Northern Ireland news

Co Armagh boy (7) plucked from river after kayak got into difficulties gives back to those who helped him

Sean Sterritt was kayaking with his father on the Cusher River in Tandragee

THE mother of a seven-year-old Co Armagh boy plucked from a river after his kayak got into difficulties has spoken about his "grit and determination" to give back to those who helped him.

Sean Sterritt was kayaking with his father on the Cusher River in Tandragee in February when they were thrown into the freezing cold water.

His father was washed ashore and despite frantic efforts he was unable to reach his son who was stuck in the water against a wall at the opposite bank.

Sean was pulled to safety by Mike and Zachery Greer from Tandragee, who were alerted to the young boy's ordeal.

But due to the severity of the incident, the Helicopter Emergency Medical Service (HEMS), flown by Air Ambulance Northern Ireland, were tasked to the scene along with a number of emergency first response teams.

The young boy recovered well after his frightening ordeal, but wanted to do something positive that would potentially help another person who might need the air ambulance in future.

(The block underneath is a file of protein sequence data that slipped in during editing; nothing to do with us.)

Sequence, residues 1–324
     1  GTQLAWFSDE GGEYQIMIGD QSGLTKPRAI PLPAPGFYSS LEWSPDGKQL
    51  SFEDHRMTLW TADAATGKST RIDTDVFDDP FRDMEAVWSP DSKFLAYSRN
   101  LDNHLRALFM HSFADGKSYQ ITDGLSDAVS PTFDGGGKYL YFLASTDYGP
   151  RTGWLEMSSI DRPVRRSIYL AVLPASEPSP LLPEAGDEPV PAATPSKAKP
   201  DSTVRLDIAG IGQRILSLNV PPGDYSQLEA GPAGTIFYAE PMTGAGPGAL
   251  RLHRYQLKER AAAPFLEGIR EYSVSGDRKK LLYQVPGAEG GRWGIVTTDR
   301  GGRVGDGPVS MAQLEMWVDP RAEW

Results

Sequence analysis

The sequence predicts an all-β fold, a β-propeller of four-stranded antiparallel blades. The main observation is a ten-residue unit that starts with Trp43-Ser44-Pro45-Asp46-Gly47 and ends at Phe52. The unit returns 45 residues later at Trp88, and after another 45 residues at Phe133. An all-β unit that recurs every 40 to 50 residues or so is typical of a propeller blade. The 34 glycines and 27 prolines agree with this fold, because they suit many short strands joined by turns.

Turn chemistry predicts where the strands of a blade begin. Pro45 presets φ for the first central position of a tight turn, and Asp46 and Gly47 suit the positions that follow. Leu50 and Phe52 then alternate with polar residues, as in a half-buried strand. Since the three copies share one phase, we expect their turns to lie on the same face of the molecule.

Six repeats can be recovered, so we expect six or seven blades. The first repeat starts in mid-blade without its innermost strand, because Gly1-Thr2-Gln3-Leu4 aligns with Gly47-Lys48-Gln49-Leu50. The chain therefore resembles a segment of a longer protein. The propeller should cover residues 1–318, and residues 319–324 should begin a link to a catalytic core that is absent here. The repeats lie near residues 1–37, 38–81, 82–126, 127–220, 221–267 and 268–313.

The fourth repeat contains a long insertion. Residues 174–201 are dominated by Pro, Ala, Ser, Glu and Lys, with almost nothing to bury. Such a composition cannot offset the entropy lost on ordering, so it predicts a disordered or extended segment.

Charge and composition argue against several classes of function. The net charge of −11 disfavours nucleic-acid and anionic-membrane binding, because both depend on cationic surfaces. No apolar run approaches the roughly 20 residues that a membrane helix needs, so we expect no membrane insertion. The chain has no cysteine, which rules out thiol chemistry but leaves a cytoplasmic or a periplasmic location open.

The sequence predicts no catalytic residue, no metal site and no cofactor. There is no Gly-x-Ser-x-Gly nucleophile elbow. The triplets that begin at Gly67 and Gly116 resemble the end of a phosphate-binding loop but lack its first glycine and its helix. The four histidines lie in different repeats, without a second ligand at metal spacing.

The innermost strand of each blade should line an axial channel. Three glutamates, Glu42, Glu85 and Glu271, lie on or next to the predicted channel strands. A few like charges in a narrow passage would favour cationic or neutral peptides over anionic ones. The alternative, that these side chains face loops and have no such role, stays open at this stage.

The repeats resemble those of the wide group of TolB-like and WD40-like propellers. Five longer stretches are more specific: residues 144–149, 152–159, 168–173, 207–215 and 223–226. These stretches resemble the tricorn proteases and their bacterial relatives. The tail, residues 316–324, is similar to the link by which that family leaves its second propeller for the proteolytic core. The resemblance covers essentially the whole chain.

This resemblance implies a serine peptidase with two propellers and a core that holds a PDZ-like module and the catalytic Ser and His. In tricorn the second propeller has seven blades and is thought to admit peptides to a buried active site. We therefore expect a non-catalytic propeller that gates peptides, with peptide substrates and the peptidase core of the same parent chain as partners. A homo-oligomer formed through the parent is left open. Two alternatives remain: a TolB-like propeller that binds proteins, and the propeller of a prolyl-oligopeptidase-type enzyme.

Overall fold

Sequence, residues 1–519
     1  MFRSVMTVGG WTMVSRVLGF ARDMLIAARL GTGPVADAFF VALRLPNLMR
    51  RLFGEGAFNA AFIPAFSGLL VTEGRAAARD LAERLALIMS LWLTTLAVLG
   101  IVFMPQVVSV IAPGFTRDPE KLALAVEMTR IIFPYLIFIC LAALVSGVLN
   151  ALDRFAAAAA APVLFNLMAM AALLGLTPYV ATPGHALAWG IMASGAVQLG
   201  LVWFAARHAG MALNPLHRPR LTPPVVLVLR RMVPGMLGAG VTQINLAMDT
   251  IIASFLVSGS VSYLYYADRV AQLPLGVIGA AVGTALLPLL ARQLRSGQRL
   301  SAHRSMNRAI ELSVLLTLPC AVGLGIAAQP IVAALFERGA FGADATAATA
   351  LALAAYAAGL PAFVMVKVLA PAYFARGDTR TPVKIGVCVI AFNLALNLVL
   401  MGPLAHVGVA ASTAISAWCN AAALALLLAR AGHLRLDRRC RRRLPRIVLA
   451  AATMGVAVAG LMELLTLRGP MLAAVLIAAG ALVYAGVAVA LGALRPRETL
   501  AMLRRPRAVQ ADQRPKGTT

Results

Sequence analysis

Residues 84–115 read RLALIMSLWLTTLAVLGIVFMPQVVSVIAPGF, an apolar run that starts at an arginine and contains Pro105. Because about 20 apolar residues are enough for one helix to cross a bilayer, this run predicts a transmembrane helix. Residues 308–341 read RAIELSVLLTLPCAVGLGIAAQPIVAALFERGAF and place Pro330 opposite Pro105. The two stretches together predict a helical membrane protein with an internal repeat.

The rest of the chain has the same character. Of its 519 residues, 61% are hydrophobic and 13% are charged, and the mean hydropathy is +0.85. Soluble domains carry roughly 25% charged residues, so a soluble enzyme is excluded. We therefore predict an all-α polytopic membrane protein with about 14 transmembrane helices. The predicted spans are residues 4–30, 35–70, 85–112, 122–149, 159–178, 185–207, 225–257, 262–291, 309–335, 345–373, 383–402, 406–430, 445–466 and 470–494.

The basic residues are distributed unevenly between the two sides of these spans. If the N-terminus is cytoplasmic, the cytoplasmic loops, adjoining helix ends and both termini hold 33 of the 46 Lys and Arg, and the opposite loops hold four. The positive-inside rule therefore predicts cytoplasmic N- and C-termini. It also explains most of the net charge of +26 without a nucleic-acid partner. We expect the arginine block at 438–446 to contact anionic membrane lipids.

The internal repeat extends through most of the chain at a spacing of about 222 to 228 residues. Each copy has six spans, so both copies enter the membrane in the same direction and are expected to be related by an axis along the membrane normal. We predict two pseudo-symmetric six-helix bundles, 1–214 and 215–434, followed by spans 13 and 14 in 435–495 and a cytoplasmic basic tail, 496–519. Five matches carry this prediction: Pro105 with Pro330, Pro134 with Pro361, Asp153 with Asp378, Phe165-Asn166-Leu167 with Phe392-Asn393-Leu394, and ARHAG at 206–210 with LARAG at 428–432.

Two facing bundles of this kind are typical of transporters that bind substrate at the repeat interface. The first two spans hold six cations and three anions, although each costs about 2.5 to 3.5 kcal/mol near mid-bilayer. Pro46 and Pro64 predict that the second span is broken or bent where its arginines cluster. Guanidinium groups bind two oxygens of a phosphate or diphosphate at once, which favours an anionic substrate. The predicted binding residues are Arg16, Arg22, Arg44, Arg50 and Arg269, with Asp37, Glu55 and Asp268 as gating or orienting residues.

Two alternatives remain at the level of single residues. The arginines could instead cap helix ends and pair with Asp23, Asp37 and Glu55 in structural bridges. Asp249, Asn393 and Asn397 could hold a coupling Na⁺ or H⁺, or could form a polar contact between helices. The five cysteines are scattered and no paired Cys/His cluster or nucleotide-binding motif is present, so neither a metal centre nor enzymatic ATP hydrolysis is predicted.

Sean's mother Elaine said her son "wanted to do something that would give back" for the help he received.

"Air Ambulance NI is a wonderful service that we cannot take for granted," she said.

"The service has been tasked to our council area 70 times in 2020 and it can only help people with donations to support its sustainability.

"We are so thankful that Sean wanted to do something and that's him, he has so much grit and determination and we are so proud of him."

Just two months after Sean's ordeal in the water, both he and his father took on the mighty challenge of summitting Northern Ireland's highest peak, Slieve Donard to raise funds for the life-saving service.

Sean initially set himself the goal of raising £250 but was overwhelmed when his final total came in at £1,070.

"Sean is so grateful to every single person who donated to his JustGiving page and helped him smash his target," said Ms Sterritt.

"If the money pays half the fuel or pays towards saving somebody else's life, it will have been worth it.

"Every step Sean took on that mountain really was to help ensure someone else got pre-hospital critical care if they needed it - every penny donated will help that cause."

She added: "We are just so delighted that something that could have turned out to be a devastating situation has had such a positive outcome and we are extremely proud of our young boy who is a big air ambulance fan".

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